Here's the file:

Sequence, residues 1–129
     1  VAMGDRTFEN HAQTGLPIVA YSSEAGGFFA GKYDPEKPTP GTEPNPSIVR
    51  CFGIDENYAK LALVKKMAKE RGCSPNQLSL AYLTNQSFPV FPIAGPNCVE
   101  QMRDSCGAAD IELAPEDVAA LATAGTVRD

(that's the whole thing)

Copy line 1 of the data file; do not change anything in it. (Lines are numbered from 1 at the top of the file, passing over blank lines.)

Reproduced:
Sequence, residues 1–129